I was told that I was sabotaging myself. I was told that I hated myself.
I did not say that sex was bad. I did not say something so traditional and religious-sounding as I was waiting for marriage, even. I was not picking up a habit with the sort of drugs that slowly kill you, or drinking myself out of the workforce, or cheating or stealing or defending Chris Brown. I was standing earnestly for love, for me, and was told that this was weird. In the city of the Folsom Street Fair’s army of fetishists, deranged gutter punks boning in the parks, and legalized public nudity, casual sex has been normalized so totally that the thought of not really being okay with it is shocking to most young people. About two months ago, in SoMa, I saw a leather drag queen with a three-foot wig chasing after a midget with a whip. People chuckled and said “different strokes for different folks.” But the words “I’m not having sex without love” — that was perceived as the really, really crazy thing.
This is the part of my reflecting back where I’d like to write that my experiment lasted seven months, and was occasionally difficult, but that I persevered and found what I was looking for.
In fact, my experiment lasted seven months, was occasionally difficult, and ultimately led to my throwing abstinence away in terms about as absolute as I had picked it up. I intellectualized the meaningless hook ups I’d previously forsworn, and I attempted to sex it up on Grindr. The hook up itself was a miserable failure, if funny, but it didn’t change the fact that I needed to find some kind of balance between a contemporary outlook on love that I found alienating and my idyllic once-desire for what Buffy and Angel had (but with more indie rock and whiskey).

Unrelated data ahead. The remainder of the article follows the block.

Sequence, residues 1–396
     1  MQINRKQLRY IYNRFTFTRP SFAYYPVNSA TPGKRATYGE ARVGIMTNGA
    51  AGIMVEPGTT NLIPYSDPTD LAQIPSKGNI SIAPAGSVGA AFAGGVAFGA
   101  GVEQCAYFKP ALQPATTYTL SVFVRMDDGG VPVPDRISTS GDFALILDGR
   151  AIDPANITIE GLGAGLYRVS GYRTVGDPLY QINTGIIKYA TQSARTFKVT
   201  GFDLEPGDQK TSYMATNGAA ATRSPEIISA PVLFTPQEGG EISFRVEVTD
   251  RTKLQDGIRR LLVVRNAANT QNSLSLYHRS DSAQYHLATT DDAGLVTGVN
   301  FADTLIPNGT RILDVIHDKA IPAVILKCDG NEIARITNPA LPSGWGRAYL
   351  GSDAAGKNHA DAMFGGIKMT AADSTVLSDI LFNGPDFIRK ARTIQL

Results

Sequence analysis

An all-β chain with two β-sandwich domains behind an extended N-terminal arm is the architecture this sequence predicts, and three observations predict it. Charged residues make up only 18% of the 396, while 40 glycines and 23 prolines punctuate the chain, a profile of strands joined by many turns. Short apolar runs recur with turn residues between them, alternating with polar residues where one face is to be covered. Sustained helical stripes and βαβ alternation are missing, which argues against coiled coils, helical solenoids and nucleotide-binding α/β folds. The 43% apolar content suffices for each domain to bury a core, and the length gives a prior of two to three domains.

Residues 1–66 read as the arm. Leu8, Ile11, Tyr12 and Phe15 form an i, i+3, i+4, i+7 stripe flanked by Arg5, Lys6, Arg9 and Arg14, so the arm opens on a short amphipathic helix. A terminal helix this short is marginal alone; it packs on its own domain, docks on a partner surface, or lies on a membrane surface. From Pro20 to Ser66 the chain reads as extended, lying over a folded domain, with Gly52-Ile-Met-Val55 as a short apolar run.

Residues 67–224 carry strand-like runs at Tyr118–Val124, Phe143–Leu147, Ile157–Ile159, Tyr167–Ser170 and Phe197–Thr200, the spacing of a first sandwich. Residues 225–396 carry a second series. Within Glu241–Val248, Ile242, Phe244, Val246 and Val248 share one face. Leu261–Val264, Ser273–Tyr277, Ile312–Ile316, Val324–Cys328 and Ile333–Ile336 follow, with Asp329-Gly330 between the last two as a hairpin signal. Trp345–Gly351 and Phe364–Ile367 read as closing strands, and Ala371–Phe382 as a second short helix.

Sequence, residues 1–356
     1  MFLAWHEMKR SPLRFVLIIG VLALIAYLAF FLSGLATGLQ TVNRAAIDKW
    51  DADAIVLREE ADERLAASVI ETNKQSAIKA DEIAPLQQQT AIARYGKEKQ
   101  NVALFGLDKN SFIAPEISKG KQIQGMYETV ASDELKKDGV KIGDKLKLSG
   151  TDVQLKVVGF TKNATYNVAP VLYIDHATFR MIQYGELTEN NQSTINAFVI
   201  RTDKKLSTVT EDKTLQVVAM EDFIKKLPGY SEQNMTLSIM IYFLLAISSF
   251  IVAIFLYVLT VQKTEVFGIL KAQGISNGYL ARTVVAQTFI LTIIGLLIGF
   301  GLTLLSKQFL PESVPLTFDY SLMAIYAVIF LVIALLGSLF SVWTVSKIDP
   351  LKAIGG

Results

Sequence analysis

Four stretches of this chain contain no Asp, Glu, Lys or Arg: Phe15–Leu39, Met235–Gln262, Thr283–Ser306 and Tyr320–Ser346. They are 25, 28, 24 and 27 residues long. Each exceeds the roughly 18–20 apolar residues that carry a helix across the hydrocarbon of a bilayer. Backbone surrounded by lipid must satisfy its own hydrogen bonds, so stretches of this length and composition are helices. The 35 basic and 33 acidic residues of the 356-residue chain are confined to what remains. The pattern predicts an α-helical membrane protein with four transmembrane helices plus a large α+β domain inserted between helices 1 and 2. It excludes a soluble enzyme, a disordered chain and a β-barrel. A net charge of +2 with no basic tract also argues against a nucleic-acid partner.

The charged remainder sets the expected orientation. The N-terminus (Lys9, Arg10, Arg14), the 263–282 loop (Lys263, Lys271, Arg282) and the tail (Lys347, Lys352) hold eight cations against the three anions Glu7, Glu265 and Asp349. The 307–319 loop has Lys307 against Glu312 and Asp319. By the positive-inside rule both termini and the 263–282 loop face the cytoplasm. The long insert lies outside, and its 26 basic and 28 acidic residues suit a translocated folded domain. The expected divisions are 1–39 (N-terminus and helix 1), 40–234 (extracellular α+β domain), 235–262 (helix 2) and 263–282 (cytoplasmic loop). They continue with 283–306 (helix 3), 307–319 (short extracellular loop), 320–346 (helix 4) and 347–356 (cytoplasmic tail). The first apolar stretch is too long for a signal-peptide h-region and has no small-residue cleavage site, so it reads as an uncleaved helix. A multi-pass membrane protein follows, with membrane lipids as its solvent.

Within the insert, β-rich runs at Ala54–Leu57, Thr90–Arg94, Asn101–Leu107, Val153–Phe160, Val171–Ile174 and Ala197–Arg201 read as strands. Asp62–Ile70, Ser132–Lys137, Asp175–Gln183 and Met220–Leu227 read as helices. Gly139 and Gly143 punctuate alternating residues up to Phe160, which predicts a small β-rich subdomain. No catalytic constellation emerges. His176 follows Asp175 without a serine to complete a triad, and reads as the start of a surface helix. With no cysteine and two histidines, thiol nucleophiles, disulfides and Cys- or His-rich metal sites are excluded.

So, I thought, what about starting with this: no sex without feeling.
Because I don’t think that having a code and occasionally breaking it is the problem. It’s the ambiguity that kills me. It’s not knowing what’s right, or where I’m going, that leaves me feeling less than human. A year ago, when I woke up next to my cute Australian stranger, I was operating without a sexual morality. This is not to say that I was operating immorally; this is to say that I hadn’t considered the question much at all. I was lost, and not because I had made some kind of mistake, but because I had constructed for myself no moral operating system from which I could understand the encounter. There is a freedom in the Boomers’ free love, I’ve come to realize. It’s a freedom from tradition. But not all of our traditions were terrible, and liberation is a blade that cuts two ways. We young of today are allowed to love on our own terms, but it is imperative for sake of sanity, I think, that we do call those shots, that we do choose those terms.
What’s your code?
Not your dad’s code, not my code, but your code — what do you believe in? What is right to you, and what is wrong? Why? What do you think about love? Do you believe in it? It’s okay to change your mind. Human beings are constantly learning. This is the nature of a conscious body that perceives. This is the nature of being alive. A healthy mind can change. But, for now, pick something. Take a breath, and take a stand, and look at the world from there. Have a perspective. On this question of love, we’re a generation allowed to make mistakes, but shit, folks, that means that if we’re not making them we’re probably not trying hard enough.